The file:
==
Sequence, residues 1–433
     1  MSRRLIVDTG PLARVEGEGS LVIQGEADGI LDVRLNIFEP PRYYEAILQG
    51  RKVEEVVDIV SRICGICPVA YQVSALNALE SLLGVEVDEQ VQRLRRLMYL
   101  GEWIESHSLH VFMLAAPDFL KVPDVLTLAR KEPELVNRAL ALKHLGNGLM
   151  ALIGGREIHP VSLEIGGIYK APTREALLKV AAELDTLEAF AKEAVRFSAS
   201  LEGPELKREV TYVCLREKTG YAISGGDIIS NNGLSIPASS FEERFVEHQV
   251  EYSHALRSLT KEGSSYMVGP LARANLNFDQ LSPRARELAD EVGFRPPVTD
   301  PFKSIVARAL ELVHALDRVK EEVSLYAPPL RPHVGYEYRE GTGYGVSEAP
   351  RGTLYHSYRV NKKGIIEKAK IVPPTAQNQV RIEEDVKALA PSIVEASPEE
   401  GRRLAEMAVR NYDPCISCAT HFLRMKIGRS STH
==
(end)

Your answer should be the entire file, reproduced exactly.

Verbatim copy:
Sequence, residues 1–433
     1  MSRRLIVDTG PLARVEGEGS LVIQGEADGI LDVRLNIFEP PRYYEAILQG
    51  RKVEEVVDIV SRICGICPVA YQVSALNALE SLLGVEVDEQ VQRLRRLMYL
   101  GEWIESHSLH VFMLAAPDFL KVPDVLTLAR KEPELVNRAL ALKHLGNGLM
   151  ALIGGREIHP VSLEIGGIYK APTREALLKV AAELDTLEAF AKEAVRFSAS
   201  LEGPELKREV TYVCLREKTG YAISGGDIIS NNGLSIPASS FEERFVEHQV
   251  EYSHALRSLT KEGSSYMVGP LARANLNFDQ LSPRARELAD EVGFRPPVTD
   301  PFKSIVARAL ELVHALDRVK EEVSLYAPPL RPHVGYEYRE GTGYGVSEAP
   351  RGTLYHSYRV NKKGIIEKAK IVPPTAQNQV RIEEDVKALA PSIVEASPEE
   401  GRRLAEMAVR NYDPCISCAT HFLRMKIGRS STH